Lessons from a 16-Year-Old's Journal

Photo by  Clark Young  on  Unsplash

Photo by Clark Young on Unsplash

I've been reading the journal of Charlotte Forten, a 19th century African American activist, poet, and teacher, and it's been convicting and humbling in all sorts of ways. 

First, I've never been able to keep a journal consistently, and it's because I read things like 16-year-old Charlotte's writing and am embarrassed to even look back on my own journaling. This girl could write.

But second, and far more importantly, I'm learning more about the agony felt by African Americans during slavery, and still today. There are echoes of her 164-year-old writing in things being written today, a sign that the battle still rages in the hearts of my brothers and sisters. 

The journal begins as Charlotte is attending a school in Salem, Massachusetts. She is the first black student at the Salem Normal School. As the granddaughter and daughter of members in the abolitionist movement, she is accustomed to hearing accounts of brutality and harsh treatment of slaves in 1854. Her fellow students, however, are from a different world.

The day after she starts her journal, the entry tells news of a runaway slave who has been captured and awaits trial. The African American community in Boston and surrounding areas waits in trepidation for the trial, only to be devastated when the man is convicted and returned to a treatment of unimaginable harshness.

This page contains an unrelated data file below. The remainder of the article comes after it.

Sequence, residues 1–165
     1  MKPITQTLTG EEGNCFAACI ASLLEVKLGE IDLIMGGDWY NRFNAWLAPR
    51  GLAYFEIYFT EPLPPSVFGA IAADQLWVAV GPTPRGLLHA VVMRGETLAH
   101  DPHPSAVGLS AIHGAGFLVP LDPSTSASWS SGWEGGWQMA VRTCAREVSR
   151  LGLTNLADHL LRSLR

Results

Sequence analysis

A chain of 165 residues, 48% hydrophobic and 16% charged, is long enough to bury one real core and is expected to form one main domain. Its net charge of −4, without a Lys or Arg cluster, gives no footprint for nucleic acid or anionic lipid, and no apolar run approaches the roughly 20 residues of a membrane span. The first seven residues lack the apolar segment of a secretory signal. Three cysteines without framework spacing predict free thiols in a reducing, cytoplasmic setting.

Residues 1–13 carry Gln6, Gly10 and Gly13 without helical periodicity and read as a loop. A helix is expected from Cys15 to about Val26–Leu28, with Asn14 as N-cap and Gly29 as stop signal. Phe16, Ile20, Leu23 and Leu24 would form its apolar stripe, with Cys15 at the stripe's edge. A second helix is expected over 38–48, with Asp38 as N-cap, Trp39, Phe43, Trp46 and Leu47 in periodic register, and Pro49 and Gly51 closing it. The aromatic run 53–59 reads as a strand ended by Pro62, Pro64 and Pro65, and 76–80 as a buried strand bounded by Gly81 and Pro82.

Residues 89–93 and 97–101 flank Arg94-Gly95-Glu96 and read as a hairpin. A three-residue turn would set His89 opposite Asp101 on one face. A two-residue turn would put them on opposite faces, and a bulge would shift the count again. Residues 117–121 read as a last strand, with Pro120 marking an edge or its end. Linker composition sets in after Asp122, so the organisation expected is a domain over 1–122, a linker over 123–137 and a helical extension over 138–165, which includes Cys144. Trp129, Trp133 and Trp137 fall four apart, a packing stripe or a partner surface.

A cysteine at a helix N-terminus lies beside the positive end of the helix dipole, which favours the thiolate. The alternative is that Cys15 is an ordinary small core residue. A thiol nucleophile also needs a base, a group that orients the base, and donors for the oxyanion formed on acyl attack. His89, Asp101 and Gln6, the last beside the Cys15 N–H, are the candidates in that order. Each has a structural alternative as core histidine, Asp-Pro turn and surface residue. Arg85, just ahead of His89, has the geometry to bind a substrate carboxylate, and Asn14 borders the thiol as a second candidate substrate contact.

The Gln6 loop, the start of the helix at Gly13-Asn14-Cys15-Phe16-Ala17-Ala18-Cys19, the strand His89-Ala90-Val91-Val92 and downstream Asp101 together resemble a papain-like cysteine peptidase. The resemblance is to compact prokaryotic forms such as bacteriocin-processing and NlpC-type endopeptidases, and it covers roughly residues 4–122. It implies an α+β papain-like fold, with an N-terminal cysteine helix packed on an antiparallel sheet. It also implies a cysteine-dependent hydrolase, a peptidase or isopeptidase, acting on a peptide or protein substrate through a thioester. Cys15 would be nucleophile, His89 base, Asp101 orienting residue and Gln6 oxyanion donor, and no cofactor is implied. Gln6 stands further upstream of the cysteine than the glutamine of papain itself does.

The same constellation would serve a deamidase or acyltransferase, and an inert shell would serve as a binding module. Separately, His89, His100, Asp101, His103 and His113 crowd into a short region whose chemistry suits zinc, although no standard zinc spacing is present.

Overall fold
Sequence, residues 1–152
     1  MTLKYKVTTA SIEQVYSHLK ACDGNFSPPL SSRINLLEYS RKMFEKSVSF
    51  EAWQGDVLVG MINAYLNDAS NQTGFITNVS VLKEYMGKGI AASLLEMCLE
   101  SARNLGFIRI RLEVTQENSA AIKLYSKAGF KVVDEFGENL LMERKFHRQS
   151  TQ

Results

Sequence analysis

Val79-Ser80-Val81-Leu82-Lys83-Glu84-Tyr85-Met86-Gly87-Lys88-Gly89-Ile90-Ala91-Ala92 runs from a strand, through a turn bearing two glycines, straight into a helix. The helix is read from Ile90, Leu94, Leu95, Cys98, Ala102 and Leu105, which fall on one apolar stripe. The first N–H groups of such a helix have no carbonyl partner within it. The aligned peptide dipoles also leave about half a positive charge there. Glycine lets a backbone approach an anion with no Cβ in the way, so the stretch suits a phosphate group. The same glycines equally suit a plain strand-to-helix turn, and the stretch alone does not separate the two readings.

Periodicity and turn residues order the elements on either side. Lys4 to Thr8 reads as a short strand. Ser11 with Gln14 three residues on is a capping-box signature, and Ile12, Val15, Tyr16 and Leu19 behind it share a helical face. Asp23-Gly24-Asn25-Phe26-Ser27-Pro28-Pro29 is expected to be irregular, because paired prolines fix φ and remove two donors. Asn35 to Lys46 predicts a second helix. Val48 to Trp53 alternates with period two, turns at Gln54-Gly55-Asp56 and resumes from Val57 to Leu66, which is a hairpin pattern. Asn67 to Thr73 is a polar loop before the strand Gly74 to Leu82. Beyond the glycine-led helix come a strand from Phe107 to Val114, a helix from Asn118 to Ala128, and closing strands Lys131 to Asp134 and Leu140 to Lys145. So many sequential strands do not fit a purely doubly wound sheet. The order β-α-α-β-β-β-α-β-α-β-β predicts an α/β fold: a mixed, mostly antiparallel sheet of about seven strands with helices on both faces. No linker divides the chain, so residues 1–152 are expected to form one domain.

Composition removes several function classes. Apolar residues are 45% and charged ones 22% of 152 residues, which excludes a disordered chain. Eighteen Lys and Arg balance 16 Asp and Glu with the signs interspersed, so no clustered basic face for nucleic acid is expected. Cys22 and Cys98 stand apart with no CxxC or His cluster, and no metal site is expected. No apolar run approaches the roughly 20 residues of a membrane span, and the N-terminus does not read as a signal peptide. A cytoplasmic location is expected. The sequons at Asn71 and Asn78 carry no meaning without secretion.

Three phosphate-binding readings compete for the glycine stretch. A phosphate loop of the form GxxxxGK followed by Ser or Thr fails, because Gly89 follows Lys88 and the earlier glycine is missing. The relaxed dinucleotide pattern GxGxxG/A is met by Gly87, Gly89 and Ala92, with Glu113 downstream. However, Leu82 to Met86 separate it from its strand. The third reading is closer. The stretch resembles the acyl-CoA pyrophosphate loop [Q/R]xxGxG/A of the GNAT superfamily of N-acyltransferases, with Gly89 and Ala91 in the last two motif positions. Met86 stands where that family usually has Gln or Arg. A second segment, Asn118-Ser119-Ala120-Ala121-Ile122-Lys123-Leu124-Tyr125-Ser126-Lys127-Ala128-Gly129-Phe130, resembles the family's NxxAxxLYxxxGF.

In the aftermath, Charlotte laments the lack of empathy and understanding from others, especially pastors. She recognizes that her fellow students don't see why she feels this pain so deeply. And as she listens to abolitionist William Lloyd Garrison, a Christian who believed in non-resistance, or peaceful protest, she writes, “his is indeed the very highest Christian spirit, to which I cannot hope to reach, however, for I believe in ‘resistance to tyrants,’ and would fight for liberty until death.”

The most striking part of what I've read thus far deals with this inner turmoil of seeking justice while struggling to love her enemies. I offer it without commentary because it speaks for itself. But I realized in reading it that this is not unique to a teenage girl living in the mid-1800s; it's an emotion and struggle felt by many today in the face of oppression and suffering, and only Christ's love is sufficient for our need:

I have been thinking lately very much about death,—that strange, mysterious, awful reality, that is constantly around and among us, that power which takes away from us so many of those whom we love and honor, or those who have persecuted and oppressed us, our bitter enemies whom we vainly endeavor not to hate. Oh! I long to be good, to be able to meet death calmly and fearlessly, strong in faith and holiness. But this I know can only be through One who died for us, through the pure and perfect love of Him, who was all holiness and love. But how can I hope to be worthy of His love while I still cherish this feeling towards my enemies, this unforgiving spirit? This is a question which I ask myself very often. Other things in comparison with this seem easy to overcome. But hatred of oppression seems to me so blended with hatred of the oppressor I cannot separate them. I feel that no other injury could be so hard to bear, so very hard to forgive, as that inflicted by cruel oppression and prejudice. How can I be a Christian when so many in common with myself, for no crime suffer so cruelly, so unjustly? It seems in vain to try, even to hope. And yet I still long to resemble Him in the last degree, for I know that it must be so ere I can accomplish anything that is really good and useful in life. 
Charlotte Forten, later in life. 

Charlotte Forten, later in life.